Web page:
We always argue when it comes to financial matters…coz I also have 3 children in my country studying high school and college. I cannot even feed my own self because my salary just goes to my kids and to my bills here in america. My husband will even yell at me and told me that I am giving my money to other people. He cannot understand that I am giving my children a brighter future. I want them to finish thier education coz that is the only wealth that I can give to them but its very difficult for him to understand.
    I am no longer happy being with him, I want to live but my friend told me to just be patient because of fear that I might be deported back to my country because I am stilll having my conditional greencard.
    Please help me on what will I do. I will really appreciate for your advice.

    • HotlineAdmin_SG says:


      Thank you so much for sharing with our blog community. It takes a lot of courage to reach out for help and I am glad you have because it sounds like a lot is going on. From what you have described, it sounds like this is an emotionally and economically abusive situation. We know that abuse happens because one person wants power and control over the other. If you feel like that is what is going on here, I encourage you to contact us, the National Domestic Violence Hotline at 1800-799-7233. The HOTLINE is completely anonymous and confidential and is available 24/7. An advocate is available to offer guidance and support with this issue and can talk about possible options, including getting you connected to a legal advocate that can answer your questions concerning your greencard.

      I hope you are able to contact us when you are safe to talk.


  4. rhonda says:

    i been with my abuser for 6 years back in 2009 he had sold everything in the house so i lost the house and i been renting every since dont have nothing of my own to call home. so the last part of june he had got violent with me and i had called the police on him but he is staying at the house thinking that i want to be there im terrify of him and scarced last incident he try to pawn tv but i had took all the serial number off the tv last one he had got hold of some money and he spent it all on drugs didnt bring nothing into the house hold at all he lost his phone where he was staying at but in reality its his fault that he lost his phone not my responsible to buy nobody no phone so enough is enough im going to move on with my life he has destroy me and i sick of it im tired and sick of it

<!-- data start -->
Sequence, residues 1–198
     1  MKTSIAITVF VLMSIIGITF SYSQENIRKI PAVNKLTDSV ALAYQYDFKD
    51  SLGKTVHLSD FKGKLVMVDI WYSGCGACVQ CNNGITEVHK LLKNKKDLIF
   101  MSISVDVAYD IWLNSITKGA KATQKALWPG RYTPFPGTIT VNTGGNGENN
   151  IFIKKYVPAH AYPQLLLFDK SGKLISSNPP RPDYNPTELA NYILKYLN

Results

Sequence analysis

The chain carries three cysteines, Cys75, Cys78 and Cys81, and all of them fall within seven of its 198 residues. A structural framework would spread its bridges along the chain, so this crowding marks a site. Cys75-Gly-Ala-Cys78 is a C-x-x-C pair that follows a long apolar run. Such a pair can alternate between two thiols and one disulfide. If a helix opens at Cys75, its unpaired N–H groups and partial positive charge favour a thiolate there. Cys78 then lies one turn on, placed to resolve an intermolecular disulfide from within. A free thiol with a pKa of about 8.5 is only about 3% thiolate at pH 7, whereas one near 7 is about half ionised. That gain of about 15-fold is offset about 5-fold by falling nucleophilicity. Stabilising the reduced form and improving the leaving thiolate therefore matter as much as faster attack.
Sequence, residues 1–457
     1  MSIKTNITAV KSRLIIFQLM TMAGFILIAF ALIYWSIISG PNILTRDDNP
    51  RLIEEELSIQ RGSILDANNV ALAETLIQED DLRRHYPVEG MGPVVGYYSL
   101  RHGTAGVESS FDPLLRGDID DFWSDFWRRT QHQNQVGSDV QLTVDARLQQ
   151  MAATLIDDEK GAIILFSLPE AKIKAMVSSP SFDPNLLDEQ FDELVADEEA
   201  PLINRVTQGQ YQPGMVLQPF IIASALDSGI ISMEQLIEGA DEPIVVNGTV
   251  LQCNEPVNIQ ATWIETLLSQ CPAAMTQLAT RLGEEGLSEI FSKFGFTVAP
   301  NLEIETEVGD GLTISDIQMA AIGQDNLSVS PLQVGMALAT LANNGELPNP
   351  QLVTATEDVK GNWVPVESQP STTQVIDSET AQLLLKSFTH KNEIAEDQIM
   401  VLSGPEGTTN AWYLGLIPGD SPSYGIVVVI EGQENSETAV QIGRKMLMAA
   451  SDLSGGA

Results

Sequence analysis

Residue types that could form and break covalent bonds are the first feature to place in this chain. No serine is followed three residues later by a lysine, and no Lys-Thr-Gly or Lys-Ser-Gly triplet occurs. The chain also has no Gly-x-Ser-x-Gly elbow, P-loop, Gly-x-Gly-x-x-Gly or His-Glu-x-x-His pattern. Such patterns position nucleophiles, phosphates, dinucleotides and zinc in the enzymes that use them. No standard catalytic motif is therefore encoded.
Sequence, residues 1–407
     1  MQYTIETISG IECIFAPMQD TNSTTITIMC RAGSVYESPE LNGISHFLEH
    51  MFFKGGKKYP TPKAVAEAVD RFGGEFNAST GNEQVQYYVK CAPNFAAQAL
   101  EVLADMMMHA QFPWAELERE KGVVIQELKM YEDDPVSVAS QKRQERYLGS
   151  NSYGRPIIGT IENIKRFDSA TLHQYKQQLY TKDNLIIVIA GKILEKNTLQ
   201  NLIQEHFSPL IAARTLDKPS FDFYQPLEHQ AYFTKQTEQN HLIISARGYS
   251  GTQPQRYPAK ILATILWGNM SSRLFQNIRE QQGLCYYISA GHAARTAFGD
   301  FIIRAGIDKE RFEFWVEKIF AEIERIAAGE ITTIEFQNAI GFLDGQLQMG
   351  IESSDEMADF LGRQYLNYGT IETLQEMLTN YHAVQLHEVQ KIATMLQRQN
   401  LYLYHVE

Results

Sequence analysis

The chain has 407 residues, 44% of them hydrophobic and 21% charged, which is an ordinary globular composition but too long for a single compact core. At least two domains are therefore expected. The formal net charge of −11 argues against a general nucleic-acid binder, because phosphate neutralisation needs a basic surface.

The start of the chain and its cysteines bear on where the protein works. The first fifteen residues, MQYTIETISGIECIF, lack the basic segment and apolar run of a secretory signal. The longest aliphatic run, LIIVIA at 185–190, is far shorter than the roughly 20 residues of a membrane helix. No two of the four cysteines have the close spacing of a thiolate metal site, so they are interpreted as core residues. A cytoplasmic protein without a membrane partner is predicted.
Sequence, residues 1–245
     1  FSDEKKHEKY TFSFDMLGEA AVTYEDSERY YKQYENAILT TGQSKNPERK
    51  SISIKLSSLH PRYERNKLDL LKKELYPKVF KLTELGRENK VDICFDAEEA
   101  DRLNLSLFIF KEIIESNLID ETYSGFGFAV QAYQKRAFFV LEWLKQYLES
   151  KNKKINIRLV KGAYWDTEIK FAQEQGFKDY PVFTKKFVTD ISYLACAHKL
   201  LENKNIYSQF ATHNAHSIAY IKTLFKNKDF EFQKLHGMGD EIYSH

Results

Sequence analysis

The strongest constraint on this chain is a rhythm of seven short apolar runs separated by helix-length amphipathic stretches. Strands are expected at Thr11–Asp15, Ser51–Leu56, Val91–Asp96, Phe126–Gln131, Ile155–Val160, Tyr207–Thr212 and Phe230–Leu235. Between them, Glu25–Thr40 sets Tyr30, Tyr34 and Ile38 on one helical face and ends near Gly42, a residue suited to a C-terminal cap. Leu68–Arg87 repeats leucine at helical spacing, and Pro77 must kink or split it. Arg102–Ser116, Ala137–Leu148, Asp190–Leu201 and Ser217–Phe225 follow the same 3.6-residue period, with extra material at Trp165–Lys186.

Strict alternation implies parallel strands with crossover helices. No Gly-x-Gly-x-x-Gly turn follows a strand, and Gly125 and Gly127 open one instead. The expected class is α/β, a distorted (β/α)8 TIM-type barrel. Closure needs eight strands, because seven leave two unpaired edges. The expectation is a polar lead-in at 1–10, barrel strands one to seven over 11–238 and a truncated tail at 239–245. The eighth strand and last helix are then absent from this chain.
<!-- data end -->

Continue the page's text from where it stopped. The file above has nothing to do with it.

• HotlineAdmin_MB says:


      Your situation sounds very scary. The National Domestic Violence Hotline can help you safety plan, brainstorm options, and look up local referrals for shelter, counseling, support groups, and legal advocacy. Please give us a call at 1-800-799-7233 for help. Take care.


  5. Blanca says:

    Me and husband had a one time bad night in which in both sides, alcohol played a part.
    My husband got arrested and was order to not come back to the house and to not be with our girls. It didn’t take me long, to realized I have done something very hurtful for our family by calling the police on him. I was angry I blacked out and also a bit drunk..

    My girls and the entire family are now struggling with this situation. I was practically left as single parent. I see a lot of different cases here, but what happens to the people in which violence is not an on going situation?? Me and my husband cry continuously because he cant come home and my girls are missing daddy tremendously!! We are one those families that often cause jealously to others because we are always happy having a good time.

    We both work full time to provide all girls with everything they need. But the child service people just don’t see that.. based on one bad night in which we both made a mistake, they are breaking our family apart, everything that we have created in almost 13 years. We have never been in police situation before and we are very scared.

    My husband is a great father, with flaws like every parent, but has never mistreated our babies, he loves them enormously, he cooks for them, he takes care of them, he washes their laundry, he picks them up after work, all of it, so I can finish school. He is a great men. And I wouldn’t change him for anything in the world. We do need help to learn how to communicate better and to how to respect each other a lot more. But, we are definitely a loving family that all is asking for is one chance.

    Where do people like us get help?

    • HotlineAdmin_KK says:

      I’m so sorry for what’s happened and the pain and stress it has caused you’re family. While we unfortunately don’t have specific legal information, our advocates would be happy to speak with you abut what’s happened. We can certainly look up any legal resources we have for your community that might be helpful in challenging the court order that has been put in place.
      Our hotline is open 24/7, call us anytime at 1-800-799-7233.